Many summers and winters have come and gone since there lived in the Valley of Ah-wah-nee a large and powerful people, the Ah-wah-nee-chees. Long had they dwelt there in peace and plenty, but one sad year The Great Spirit became angry with them. There was famine in the Valley. No rain fell, and the acorn crop failed. The clover died in the meadows, and the game disappeared from the surrounding forests, and the fish from the streams. The earth trembled and the rocks fell down into the Valley from the surrounding cliffs. The snows melted in the high mountains and the floods came down into the Valley. Many of the tribe were killed by the falling rocks or drowned in the swirling waters. Those who escaped death fled in fear from the Valley. Some of them made their way across the high mountains to the shores of Mo-no Lake, and dwelt for a number of years with the Mo-no tribe.
A young chief of the Ah-wah-nee-chees married a Mo-no maiden, and to them a son was born. This son
they called Te-na-ya. When Te-na-ya had grown to manhood, and after the death of his father, an old man, one of his father's followers, urged him to gather the remainder of his people and return across the mountains to the old home of his fathers in the Valley of Ah-wah-nee, which was now his own by right of birth.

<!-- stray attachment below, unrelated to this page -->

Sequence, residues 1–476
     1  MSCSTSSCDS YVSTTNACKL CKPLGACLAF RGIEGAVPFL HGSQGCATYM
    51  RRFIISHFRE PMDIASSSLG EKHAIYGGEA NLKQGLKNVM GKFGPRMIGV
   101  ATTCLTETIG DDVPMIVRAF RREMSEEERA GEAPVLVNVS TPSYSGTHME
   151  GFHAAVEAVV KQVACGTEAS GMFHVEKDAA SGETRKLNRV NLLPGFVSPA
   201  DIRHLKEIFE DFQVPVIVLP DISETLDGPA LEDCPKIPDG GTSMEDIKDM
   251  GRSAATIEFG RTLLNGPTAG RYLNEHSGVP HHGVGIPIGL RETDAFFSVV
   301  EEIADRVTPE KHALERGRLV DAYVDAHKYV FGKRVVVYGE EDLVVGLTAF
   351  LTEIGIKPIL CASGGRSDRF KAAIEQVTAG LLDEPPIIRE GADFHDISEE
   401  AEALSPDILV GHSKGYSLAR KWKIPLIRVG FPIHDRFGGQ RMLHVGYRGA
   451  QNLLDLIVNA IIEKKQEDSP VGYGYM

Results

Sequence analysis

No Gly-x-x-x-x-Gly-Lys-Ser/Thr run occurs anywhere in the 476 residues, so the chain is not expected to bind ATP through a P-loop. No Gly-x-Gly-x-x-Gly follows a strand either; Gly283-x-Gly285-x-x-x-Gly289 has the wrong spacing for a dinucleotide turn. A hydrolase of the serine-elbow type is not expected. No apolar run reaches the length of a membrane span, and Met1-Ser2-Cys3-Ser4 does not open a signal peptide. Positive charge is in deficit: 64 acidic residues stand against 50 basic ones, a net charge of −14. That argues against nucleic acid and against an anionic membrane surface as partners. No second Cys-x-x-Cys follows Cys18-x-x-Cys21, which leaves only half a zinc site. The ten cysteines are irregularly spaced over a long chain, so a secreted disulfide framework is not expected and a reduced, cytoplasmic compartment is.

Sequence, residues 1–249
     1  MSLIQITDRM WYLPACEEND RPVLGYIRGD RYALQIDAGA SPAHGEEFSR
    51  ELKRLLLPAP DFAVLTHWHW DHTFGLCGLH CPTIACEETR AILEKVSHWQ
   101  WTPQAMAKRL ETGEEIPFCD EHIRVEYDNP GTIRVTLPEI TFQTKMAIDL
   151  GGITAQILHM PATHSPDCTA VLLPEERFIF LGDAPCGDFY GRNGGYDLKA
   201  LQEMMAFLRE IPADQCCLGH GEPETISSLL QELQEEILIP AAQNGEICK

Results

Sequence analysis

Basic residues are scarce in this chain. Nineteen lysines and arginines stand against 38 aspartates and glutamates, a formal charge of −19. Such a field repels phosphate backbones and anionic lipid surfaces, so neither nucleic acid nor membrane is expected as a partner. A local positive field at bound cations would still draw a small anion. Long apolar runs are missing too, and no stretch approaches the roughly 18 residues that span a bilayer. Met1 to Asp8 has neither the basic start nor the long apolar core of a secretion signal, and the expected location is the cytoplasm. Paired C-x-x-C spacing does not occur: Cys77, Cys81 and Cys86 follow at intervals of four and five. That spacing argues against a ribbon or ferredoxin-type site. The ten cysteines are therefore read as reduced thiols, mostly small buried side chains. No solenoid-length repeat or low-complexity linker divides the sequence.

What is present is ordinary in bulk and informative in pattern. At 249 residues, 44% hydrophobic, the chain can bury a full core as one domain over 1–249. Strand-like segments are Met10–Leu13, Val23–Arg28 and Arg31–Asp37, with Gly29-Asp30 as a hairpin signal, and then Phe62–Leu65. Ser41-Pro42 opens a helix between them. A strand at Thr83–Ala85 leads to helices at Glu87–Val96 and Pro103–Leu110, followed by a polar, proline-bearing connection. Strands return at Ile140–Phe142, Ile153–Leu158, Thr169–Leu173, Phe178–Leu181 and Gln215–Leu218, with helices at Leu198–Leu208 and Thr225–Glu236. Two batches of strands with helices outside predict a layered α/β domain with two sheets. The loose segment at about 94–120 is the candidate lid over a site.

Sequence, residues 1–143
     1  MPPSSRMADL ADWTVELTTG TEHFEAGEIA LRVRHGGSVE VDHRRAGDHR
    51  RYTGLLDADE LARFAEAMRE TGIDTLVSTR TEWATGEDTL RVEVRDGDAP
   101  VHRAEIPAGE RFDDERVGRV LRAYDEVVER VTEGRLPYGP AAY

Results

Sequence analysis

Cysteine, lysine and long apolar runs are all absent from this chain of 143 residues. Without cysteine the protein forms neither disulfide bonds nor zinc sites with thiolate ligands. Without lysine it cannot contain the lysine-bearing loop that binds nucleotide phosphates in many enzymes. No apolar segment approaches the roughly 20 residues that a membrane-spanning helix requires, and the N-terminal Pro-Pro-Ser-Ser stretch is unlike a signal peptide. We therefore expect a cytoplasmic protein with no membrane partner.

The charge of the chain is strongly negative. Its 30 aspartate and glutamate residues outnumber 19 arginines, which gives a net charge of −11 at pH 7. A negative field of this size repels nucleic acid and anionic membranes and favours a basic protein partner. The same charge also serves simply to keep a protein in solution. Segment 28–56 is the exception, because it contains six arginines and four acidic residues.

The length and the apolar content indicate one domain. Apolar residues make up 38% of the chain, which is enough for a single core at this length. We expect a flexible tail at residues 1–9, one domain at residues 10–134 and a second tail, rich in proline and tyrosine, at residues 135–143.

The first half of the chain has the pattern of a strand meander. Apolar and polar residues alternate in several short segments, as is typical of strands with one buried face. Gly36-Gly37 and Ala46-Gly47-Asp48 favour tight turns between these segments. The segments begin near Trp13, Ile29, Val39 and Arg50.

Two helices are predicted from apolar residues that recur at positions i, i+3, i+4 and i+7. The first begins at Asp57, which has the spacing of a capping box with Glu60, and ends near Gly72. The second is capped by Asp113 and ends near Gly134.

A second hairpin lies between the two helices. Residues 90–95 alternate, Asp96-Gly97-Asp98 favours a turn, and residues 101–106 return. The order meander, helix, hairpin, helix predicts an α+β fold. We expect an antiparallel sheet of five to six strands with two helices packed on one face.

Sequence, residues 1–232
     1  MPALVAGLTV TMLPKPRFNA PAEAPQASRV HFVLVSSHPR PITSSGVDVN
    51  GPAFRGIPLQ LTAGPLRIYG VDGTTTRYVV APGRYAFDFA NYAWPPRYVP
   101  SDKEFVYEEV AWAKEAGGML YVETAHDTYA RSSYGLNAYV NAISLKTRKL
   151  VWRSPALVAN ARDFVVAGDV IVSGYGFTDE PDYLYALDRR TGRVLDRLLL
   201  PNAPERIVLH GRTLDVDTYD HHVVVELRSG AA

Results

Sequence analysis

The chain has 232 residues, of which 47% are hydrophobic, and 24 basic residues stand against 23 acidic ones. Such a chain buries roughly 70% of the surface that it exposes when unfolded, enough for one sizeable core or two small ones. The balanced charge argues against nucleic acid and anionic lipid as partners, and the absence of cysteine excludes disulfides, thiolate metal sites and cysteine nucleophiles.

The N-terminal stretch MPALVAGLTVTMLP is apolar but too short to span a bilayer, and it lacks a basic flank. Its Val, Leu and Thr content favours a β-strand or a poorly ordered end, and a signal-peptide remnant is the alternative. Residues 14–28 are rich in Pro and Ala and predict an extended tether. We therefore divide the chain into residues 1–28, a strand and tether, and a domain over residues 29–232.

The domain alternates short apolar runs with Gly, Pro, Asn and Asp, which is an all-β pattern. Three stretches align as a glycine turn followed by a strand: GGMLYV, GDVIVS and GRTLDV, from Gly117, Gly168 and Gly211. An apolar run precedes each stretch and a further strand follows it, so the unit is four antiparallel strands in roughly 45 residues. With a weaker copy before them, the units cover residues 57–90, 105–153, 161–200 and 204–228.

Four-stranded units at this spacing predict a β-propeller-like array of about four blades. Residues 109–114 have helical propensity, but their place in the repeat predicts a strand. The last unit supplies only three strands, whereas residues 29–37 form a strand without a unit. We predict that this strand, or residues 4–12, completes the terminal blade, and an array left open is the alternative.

Te-na-ya welcomed this suggestion and gathered about him, in addition to his own people, adventurous members of other tribes, who were willing to acknowledge him as chief, and make the journey with him. They crossed the mountains in safety and once again the smoke from the campfires of the Ah-wah-nee-chees was lifted on the winds of the Valley that had so long before been the home of their fathers.
One morning a young chief of the tribe, while on his way to Ah-wei-ya (Mirror Lake), where he intended spearing some fish, was suddenly confronted by an immense grizzly bear. The bear resented this intrusion upon his domain and made a fierce attack upon the young chief. The chief, who was weaponless, armed himself with the dead limb of a tree, which was lying near, and, after being sorely wounded, succeeded in killing the bear. Bleeding and exhausted he dragged himself back to the camp where he told his story to the admiring members of the tribe, who, in acknowledgment of his bravery and skill, called him Yo-sem-i-te, after the fearless monarch of the forest, the grizzly bear. This name was transmitted to his children, and in time, because of their fearless and warlike natures, the entire tribe came to be known as the Yo-sem-i-tes.